service dog


An a part of professional medical treatment and doctor’s plan, service animals are emotional support animals are used in the therapy often. These animals are responsible for providing the adequate support as well as companionship to the people sustaining lifetime disability or injuries. They help thousands of people to reduce their loneliness and help them get over the psychological depression caused by a tragic injury. People with vai0us mental problems including anxiety disorders, depression, certain phobias, and hallucinations can use the service support dogs according to the law in the United States.
Each state in America has its own rules and laws related to the use of service dogs or emotional support animals ; these animals are not however limited to only provide the emotional support to the patients. They are also able to provide the therapeutic contact in the healthcare settings usually. They are essential for the cognitive, emotional and social support of the disabled people.

Handler’s Responsibility Regarding Emotional Support Dogs

According to the laws in the United States, the handler is also responsible for the supervision and care of the service dogs or emotional support animals. There are times when emotional support or service animals do not behave properly and may have an unacceptable attitude; it becomes difficult for the person with the disability to control the emotional support animal not behaving properly. The dogs are often found in activities like uncontrolled barking, found jumping on children or guests and also disturb the business activities of individuals.
If a service dog is taken to a movie theater where it barks repeatedly, it must be asked to leave the theater to help others enjoy the movie. Similarly, if a service dog is growling at the other shoppers in a supermarket, it is the responsibility of the handler to remove the animal from the premises.
The ADA requires the animal to be under the control of the handler; there are ways to control the animal with a harness, a tether or a leash. The service animal must be under the control of handler who can use his or her voice as a controlling weapon. Moreover, the animal must also be housebroken; it is the duty of holder to provide animals with medicines and vaccines to remain safe from the disease.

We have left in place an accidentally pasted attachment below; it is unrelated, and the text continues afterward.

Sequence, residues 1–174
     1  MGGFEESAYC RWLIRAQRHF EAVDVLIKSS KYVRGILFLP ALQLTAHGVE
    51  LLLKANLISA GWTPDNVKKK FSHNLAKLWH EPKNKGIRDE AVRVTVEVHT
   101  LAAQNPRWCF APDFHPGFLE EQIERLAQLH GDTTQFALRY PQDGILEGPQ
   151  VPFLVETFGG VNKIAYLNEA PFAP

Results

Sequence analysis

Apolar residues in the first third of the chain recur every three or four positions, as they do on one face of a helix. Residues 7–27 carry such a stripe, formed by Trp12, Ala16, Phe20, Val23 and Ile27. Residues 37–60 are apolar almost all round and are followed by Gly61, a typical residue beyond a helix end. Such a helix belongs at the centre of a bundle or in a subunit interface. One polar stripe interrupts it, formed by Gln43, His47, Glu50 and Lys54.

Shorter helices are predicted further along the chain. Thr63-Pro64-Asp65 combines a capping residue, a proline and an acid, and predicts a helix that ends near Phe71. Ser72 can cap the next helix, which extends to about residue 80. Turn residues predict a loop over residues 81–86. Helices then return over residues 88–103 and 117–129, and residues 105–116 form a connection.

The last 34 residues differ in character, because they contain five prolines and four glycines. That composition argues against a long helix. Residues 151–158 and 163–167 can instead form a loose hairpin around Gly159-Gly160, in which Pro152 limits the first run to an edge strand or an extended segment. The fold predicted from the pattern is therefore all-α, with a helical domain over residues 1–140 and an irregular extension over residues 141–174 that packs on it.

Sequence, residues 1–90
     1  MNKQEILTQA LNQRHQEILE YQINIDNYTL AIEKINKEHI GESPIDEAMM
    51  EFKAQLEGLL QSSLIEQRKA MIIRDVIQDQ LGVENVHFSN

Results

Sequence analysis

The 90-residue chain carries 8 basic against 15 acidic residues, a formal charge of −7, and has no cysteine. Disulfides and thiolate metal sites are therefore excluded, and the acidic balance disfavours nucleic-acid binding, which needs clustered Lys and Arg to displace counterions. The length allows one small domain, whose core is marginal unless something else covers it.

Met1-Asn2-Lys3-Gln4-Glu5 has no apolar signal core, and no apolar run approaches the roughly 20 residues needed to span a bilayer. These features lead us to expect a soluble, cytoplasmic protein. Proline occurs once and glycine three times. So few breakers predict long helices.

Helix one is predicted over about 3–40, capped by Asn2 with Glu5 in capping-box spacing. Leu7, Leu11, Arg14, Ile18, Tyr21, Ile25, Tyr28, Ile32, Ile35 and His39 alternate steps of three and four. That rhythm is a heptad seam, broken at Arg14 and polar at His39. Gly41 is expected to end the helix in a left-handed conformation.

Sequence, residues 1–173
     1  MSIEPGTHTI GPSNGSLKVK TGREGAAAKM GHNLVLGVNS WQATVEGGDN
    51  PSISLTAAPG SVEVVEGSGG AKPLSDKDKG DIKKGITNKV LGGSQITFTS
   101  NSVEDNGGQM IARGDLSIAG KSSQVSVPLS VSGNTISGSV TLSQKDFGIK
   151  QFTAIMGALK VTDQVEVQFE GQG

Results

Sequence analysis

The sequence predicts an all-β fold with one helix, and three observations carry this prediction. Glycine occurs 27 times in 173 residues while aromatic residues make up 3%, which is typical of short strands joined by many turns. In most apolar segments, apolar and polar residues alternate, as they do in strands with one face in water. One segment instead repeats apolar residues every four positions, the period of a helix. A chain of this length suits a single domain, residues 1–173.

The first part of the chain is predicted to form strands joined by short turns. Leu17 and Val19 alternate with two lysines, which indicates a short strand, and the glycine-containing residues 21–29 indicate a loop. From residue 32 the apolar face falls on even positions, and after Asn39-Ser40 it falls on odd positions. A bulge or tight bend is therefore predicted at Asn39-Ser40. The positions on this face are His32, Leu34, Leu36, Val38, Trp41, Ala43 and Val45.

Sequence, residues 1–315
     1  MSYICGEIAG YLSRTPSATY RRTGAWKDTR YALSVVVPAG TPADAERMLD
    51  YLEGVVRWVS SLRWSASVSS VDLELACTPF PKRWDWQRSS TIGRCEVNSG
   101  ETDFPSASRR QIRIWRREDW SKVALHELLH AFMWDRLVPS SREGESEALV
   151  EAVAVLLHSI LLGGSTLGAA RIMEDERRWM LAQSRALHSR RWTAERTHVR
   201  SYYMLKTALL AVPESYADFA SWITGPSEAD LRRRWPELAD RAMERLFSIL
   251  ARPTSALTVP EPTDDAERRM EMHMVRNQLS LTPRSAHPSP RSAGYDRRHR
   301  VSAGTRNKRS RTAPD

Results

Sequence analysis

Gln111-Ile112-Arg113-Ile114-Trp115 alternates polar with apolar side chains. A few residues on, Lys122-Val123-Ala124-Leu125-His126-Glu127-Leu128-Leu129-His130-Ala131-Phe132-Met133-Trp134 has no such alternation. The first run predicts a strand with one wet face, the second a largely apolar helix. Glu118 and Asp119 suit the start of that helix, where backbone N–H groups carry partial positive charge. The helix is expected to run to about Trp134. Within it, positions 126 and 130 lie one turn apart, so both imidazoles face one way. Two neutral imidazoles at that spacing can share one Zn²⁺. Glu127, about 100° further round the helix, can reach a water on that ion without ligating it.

Rights of Handlers

Just like Title II describes the responsibilities of a handler, the handler’s rights are also described in the law. A service animal must be allowed to accompany the handler to any place in the building or facility. Even if some places have a clear sign of “no pets allowed,” it is perfectly legal to bring along the service dogs who are trained to help the holders who possess the right to bring them outside for their support. A security officer at a public place like a shopping mall or a cinema can ask the holder of the support animal a few questions including “is the animals brought due to disability”? However, the dogs who have a low vision or have blindness problem are not able to keep their balance in places outside of a home. It is the right and moral duty of an individual to bring a certified dog to a public place.

2 Responses to “Support and Therapy with Service Animals”

  1. Hazel Owens says:

    I agree that those with service animals should be able to control their dog in public with their voice to get them to stop barking or jumping so that it doesn’t affect other people. My daughter has anxiety so I was looking at getting a service animal for her. I’ll have to see if we can maybe train our lab now to be a service animal since she tends to be really well behaved in public.

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